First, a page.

09 September 2014
Finding faith in a new generation
by David Kinnaman, president of Barna Group
Our research at Barna Group shows that among US Millennials (born between 1984 and 2002) who grew up in church, six in 10 (59 per cent) drop out of church involvement at some point in their 20s. A recent study conducted by Barna Global in Scotland reveals the UK dropout problem is even more severe: among unchurched Scots aged 18 to 24 half report they regularly went to church as a child or teenager. The pattern is even stronger among Scots who are 25 to 34 years old: nearly three out of five unchurched Scots in this age range were previously churched at some point during their life.
It's easy to find ourselves worrying about the next generation. Sometimes those concerns are unfounded. Yet, in our book project You Lost Me: Why Young Christians Are Leaving Church and Rethinking Faith, our studies among this generation demonstrate how the Millennial generation in the West is discontinuously different from earlier generations. That's because the cultural setting in which young people have come of age is significantly changed from what was experienced in the formative years of previous generations.
Few other generations of Christians have lived through a set of cultural changes so profound and lightning fast. Other generations of Christ-followers have endured much greater persecution. Others have had to sacrifice more to flourish or even to survive. But I doubt many previous generations have lived through as compounded and complicated a set of cultural changes as have today's Christians in the West. The last 50 years have been a realtime experiment on the next generation, using free markets, media, advertising, technology, politics, sexuality, and so on as our lab tools. For example, popular culture has become a huge driver of religion for Millennials—that is, teenagers and young adults take their cues about what to believe and how to live from today's dominant sources of media input.
The cultural experiment on younger believers continues, but we can already observe some of the results: fluidity, diversity, complexity, uncertainty. Today's Millennials are being formed under the direct influence of these fast-paced changes. Their expectations, values, behaviours, attitudes, and aspirations are being shaped in and by this context.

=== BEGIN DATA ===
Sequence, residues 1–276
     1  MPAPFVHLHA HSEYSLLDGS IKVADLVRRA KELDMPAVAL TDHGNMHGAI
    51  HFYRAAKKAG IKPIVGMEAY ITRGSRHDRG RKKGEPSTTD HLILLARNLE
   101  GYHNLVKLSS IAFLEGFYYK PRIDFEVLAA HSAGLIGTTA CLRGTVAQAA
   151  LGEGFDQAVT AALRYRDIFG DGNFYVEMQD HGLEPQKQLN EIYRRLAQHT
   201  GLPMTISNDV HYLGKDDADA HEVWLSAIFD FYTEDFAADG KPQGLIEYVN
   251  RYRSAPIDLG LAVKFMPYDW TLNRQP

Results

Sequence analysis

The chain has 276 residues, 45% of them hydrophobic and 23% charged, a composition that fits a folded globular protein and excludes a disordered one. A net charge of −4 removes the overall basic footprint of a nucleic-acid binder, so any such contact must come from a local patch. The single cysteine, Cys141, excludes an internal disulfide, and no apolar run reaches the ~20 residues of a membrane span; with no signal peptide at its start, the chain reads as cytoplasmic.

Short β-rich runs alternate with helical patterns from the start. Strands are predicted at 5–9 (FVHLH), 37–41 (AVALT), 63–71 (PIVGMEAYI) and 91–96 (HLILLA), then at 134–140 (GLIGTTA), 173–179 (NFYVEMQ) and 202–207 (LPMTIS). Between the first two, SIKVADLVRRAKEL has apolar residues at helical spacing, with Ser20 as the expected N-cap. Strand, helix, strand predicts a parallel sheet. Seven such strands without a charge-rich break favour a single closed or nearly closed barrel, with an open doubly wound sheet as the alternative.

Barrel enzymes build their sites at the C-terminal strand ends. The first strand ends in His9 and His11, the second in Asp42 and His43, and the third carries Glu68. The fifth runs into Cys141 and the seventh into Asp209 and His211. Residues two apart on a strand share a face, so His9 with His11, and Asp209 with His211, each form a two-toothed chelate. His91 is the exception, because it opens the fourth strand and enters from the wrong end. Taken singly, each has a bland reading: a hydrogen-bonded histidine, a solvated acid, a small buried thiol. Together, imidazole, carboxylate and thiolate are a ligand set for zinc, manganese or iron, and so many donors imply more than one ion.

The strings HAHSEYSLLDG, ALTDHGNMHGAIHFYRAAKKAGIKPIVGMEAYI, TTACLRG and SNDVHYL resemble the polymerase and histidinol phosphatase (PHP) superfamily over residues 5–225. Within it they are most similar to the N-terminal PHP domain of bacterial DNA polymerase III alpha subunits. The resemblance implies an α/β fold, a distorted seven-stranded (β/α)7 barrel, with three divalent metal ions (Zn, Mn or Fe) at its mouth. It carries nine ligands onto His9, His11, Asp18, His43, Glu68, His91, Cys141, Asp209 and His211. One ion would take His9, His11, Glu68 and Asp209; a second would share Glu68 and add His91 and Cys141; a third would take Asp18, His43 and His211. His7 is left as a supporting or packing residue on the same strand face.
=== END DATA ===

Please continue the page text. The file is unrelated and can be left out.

And the dropout numbers show that, like a Geiger counter under a mushroom cloud, the next generation is reacting to the radioactive intensity of social, technological, and religious changes. In most cases, we are sending them into the world unprepared to withstand the fallout. Too many are incapable of reasoning clearly about their faith and unwilling to take real risks for Christ's sake.
These shortcomings are indicators of gaps in disciple making. There are three arenas where these gaps are in evidence—and where the Church in the West has a God-given opportunity to rethink our ways of making disciples.
1. Relationships. Young adults are highly relational in many respects. At the same time, 20somethings frequently feel isolated from their parents and other older adults in the realm of faith and spirituality. Many young people feel that older adults don't understand their doubts and concerns, a prerequisite to rich mentoring friendships;in fact, a majority of young adults we interviewed report never having an adult friend other than their parents. Can the Church rediscover the intergenerational power of the assembly of saints?
2. Vocation. Millions of Christ-following teens and young adults are interested in serving in mainstream professions such as science, law, media, technology, education, law enforcement, military, the arts, business, healthcare, accounting, and dozens of others. Yet most receive little guidance from their church communities for how to connect these vocational dreams deeply with their faith in Christ. Can the Christian community prepare a new generation of professionals to be excellent in their calling and craft, yet humble and faithful where God asks them to serve?
3. Wisdom. Young adults have access to more information than any other generation in human history, but many lack discernment for how to wisely apply that knowledge to their lives and world. Becoming wise is a lifetime process of deep transformation through faith in Christ, knowledge of God's Word, living by the power of the Holy Spirit, and engaging in rich community with other believers. How can the Christian community help young Christians live wisely in a culture of mental, emotional, and spiritual distraction?
There are millions of young souls behind these numbers —very real young people who need our wise, biblical response to the trends. And, in fact, we are beginning to see local churches and committed families —and young leaders themselves —begin to work carefully and strategically to stem the tide of disengagement. Millennials are not merely the church of tomorrow, but the group of young adults through whom Christ intends to build his Kingdom here on earth today.